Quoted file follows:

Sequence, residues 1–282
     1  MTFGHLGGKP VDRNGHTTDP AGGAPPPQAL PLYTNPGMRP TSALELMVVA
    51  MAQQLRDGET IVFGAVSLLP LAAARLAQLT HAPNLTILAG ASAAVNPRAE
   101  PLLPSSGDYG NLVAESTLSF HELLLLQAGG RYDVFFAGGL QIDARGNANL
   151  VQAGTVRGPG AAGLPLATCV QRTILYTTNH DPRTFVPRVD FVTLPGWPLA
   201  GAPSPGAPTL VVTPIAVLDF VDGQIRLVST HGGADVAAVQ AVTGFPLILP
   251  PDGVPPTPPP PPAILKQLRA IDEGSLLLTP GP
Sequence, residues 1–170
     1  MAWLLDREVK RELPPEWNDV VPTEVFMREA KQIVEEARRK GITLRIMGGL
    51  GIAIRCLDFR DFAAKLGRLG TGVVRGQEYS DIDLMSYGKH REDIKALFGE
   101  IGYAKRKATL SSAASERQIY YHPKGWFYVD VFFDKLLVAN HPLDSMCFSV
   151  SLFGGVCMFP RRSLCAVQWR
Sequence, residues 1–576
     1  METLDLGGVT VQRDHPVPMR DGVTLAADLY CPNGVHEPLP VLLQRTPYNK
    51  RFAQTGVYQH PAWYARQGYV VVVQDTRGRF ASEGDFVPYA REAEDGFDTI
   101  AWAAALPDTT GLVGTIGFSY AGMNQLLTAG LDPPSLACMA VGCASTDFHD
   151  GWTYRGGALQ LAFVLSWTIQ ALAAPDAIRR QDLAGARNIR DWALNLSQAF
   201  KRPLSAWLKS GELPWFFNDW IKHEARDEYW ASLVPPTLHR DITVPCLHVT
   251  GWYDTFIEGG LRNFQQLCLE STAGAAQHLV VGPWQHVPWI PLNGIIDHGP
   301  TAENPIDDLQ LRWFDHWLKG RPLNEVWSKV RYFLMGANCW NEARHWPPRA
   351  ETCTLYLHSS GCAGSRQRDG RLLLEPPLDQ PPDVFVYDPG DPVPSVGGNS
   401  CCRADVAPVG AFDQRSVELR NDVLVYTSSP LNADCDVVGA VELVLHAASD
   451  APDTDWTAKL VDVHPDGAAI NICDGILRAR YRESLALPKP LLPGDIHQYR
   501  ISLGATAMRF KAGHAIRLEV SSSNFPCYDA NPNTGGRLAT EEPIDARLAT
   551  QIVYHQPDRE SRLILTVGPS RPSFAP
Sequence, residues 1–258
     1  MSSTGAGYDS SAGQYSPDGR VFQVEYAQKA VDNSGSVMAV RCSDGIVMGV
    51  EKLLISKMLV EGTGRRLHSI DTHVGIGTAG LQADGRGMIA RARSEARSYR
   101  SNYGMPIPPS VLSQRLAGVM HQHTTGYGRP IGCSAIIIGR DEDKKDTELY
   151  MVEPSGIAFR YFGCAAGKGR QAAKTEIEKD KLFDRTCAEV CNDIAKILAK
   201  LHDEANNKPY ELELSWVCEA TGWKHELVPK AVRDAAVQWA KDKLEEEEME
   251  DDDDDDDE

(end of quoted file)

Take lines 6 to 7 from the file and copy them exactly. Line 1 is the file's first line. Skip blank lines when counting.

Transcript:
   201  GAPSPGAPTL VVTPIAVLDF VDGQIRLVST HGGADVAAVQ AVTGFPLILP
   251  PDGVPPTPPP PPAILKQLRA IDEGSLLLTP GP